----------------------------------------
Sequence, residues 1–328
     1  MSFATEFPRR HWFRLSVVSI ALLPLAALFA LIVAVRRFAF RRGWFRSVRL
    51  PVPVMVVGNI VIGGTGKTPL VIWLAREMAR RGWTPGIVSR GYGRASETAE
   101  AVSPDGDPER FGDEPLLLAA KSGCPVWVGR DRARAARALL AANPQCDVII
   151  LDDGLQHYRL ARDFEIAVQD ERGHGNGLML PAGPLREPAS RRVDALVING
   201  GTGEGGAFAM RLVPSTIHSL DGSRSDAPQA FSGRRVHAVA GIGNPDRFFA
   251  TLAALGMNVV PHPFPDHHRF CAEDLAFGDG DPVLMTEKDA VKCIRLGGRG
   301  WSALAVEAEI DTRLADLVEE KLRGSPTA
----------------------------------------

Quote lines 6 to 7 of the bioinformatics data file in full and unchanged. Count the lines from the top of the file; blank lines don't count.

   201  GTGEGGAFAM RLVPSTIHSL DGSRSDAPQA FSGRRVHAVA GIGNPDRFFA
   251  TLAALGMNVV PHPFPDHHRF CAEDLAFGDG DPVLMTEKDA VKCIRLGGRG